Fifteen high school seniors pleaded not guilty Monday to bomb charges after duct-taping alarm clocks to the walls of their northern Westchester school.

Four other seniors from Hendrick Hudson High School did not enter pleas because they did not have attorneys.

The 19 students, who said they were carrying out a senior prank, are charged with placing a false bomb, a felony that carries a maximum sentence of 1 1/3 to 4 years in prison upon conviction. They also face one count of criminal trespass.

The cases were adjourned to next month — after Friday's commencement ceremony, where the 19 will graduate but not be permitted to attend.

Dozens of other students have been ordered to perform community service for donating money for the prank or helping buy the clocks.

Defense attorney John Sarcone said he and the other attorneys "hope to have this resolved before the kids go off to college."

"The school district should say you're innocent until proven guilty and therefore we are not going to judge you and we're not going to suspend you and we're not going to banish you from your graduation," said Sarcone. "I would ask that they reconsider and let these kids go to their graduation, and later on, people will be found either innocent, guilty or somewhere in between."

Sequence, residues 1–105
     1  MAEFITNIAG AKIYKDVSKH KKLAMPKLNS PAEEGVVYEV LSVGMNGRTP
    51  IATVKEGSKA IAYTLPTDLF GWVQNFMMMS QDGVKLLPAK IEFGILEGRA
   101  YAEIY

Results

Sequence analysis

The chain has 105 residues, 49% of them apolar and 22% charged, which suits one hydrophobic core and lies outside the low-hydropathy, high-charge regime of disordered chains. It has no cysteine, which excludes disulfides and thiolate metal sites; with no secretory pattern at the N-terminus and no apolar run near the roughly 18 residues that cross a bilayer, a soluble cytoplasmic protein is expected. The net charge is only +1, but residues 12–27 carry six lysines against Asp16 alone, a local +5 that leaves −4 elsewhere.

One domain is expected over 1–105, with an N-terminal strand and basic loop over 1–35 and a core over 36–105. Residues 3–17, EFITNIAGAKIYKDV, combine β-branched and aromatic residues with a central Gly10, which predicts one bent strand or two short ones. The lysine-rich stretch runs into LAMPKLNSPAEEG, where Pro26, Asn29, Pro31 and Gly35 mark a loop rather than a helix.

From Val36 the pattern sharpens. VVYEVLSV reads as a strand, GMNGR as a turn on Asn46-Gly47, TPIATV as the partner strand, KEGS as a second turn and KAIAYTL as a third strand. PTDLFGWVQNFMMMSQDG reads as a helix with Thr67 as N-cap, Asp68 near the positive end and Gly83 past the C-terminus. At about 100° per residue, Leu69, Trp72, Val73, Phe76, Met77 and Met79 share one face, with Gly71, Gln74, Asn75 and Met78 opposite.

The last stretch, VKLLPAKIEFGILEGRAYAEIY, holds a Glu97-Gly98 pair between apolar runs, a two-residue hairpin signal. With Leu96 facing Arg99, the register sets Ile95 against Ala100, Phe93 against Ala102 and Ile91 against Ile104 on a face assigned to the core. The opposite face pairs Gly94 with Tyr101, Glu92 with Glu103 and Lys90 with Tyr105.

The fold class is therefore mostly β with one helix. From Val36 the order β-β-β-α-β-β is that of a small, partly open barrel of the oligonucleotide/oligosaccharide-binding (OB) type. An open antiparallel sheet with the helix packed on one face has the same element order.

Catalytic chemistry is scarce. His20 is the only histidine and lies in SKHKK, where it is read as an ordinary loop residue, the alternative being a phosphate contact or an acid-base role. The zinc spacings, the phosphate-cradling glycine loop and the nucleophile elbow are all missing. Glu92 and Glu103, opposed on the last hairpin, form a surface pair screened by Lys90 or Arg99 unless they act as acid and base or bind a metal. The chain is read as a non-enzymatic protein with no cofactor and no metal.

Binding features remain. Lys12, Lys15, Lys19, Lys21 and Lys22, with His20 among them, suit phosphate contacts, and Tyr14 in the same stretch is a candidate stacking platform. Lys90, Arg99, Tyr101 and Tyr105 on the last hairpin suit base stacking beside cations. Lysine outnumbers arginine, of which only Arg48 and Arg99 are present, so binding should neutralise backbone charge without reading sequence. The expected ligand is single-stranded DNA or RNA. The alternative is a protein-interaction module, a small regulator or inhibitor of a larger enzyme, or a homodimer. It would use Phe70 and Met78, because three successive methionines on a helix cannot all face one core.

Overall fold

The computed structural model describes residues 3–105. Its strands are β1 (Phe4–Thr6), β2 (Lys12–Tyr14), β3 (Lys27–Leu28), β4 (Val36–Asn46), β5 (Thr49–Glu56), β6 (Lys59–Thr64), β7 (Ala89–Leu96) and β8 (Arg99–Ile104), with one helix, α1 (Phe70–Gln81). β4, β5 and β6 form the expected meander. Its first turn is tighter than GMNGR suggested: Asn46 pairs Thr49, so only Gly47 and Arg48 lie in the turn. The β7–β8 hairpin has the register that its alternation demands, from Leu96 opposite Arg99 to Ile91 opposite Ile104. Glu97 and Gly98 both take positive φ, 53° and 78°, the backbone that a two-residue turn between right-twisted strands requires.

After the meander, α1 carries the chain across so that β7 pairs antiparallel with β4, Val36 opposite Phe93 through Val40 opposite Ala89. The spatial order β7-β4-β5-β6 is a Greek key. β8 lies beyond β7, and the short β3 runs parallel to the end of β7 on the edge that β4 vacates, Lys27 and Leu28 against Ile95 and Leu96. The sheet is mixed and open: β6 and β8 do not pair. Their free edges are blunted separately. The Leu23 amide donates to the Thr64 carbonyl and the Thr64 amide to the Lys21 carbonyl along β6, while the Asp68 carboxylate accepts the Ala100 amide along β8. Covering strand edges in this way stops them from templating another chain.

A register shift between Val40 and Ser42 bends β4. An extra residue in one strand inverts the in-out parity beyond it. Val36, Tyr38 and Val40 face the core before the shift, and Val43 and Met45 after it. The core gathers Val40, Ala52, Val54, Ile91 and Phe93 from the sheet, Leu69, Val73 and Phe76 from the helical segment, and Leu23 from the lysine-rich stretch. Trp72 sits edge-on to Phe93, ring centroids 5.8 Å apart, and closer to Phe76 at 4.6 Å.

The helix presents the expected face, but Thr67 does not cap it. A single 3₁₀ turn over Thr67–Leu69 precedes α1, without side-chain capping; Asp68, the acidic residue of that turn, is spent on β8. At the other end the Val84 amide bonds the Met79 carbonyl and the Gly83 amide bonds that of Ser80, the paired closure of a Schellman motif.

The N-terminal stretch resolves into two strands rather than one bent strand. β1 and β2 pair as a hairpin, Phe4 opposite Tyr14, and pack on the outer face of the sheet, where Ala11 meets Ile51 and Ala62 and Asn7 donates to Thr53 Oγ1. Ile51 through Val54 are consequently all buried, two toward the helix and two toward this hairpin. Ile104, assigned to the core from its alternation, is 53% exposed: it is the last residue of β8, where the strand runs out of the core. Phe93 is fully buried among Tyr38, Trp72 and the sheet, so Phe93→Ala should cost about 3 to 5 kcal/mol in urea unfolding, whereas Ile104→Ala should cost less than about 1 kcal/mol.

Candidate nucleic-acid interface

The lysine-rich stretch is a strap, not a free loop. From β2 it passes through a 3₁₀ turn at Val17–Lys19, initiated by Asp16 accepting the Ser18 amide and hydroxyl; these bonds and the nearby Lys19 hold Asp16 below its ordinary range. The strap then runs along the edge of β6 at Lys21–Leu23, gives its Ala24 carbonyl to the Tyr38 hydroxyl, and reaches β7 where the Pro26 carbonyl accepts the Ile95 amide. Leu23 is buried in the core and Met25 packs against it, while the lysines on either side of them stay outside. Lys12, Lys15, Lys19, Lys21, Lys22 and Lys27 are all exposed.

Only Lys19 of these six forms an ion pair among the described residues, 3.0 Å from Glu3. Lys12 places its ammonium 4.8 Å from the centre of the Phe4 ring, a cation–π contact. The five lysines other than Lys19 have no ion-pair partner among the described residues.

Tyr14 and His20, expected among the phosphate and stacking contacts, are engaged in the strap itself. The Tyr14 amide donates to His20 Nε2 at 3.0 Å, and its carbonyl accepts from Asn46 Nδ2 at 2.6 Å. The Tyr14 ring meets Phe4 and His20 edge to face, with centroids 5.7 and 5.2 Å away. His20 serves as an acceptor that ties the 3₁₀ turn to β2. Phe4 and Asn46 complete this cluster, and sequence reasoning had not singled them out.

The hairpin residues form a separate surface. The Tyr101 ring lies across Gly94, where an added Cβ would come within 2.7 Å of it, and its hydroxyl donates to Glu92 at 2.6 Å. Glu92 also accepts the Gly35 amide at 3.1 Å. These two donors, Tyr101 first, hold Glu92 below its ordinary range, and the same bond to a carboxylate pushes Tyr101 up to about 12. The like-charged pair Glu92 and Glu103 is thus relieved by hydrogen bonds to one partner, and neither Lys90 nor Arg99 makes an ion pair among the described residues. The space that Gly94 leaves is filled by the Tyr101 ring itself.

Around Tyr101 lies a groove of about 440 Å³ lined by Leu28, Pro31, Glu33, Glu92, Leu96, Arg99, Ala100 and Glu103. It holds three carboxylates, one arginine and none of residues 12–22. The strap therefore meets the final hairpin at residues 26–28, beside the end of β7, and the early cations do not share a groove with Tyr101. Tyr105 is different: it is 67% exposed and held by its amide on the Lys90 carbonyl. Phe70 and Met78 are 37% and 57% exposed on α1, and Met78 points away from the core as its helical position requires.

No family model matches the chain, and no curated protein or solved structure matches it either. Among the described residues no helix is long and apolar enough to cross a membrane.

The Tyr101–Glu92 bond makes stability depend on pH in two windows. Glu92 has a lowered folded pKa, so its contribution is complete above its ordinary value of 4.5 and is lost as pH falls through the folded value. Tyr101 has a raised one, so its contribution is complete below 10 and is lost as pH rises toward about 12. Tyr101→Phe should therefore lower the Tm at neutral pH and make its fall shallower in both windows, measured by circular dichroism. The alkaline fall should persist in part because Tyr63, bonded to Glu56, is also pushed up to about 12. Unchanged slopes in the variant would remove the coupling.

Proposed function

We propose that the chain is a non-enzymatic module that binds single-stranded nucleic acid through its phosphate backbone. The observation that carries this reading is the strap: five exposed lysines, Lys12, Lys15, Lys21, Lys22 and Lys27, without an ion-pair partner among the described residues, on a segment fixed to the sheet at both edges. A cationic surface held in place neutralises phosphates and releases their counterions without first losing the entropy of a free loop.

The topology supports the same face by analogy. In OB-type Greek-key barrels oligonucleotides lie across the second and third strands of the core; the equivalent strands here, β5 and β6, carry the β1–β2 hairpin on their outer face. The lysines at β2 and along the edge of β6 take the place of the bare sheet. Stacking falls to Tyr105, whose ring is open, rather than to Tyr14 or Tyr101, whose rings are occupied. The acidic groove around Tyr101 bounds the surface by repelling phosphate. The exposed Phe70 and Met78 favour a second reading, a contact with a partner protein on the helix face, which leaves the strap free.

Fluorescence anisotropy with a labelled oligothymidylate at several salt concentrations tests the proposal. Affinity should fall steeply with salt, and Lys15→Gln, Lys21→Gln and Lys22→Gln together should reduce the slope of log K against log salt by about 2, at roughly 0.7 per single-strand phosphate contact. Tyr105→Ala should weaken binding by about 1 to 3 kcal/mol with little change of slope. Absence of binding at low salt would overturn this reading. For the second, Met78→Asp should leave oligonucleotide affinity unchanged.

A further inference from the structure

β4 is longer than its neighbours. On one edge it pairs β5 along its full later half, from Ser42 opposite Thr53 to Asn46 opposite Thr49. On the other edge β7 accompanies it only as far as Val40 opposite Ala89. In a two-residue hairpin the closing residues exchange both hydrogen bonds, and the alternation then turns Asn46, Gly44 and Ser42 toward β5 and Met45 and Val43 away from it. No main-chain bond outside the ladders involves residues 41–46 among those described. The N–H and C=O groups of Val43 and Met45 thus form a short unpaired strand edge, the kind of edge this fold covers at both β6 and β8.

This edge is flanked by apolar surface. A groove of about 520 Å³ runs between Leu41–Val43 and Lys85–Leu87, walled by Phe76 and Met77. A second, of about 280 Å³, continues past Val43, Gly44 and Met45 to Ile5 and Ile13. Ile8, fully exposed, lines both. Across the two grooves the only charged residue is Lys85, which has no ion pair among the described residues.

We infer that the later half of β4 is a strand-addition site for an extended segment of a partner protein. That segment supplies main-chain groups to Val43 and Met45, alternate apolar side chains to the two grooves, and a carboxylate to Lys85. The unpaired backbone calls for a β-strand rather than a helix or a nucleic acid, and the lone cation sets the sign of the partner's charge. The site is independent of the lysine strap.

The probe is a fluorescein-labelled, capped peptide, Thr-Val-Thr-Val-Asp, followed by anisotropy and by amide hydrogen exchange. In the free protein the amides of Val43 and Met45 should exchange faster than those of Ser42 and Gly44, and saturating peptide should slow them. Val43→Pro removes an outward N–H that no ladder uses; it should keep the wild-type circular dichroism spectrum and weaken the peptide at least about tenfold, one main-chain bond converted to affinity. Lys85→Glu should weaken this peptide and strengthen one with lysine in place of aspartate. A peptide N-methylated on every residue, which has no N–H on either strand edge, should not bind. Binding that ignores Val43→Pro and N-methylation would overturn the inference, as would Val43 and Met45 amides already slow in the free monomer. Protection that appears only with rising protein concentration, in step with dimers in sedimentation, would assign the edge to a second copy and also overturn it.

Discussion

On June 10, students sneaked into the school and fixed 20 clocks to the hallway walls with duct tape, setting all the alarms to go off together at 9:15 a.m. the following day, after the start of classes, police said.

But the plan was foiled when motion-sensing alarms in the school went off, bringing police and eventually bomb-sniffing dogs to the school.

"You can't take anything for granted as far as a particular device," state police senior Investigator Bruce Cuccia said at the time. "It may look innocent and may not be."

About 50 supporters — family, friends and other seniors — attended Monday's court hearing.

Ariel Billary, 18, said, "The kids have worked for four years to graduate and the parents are waiting to see them on this day and it's just taken away from them."

"I learned in high school that you're innocent 'til proven guilty," added Sarcone. "And that's a lesson that I think the school district should adhere to."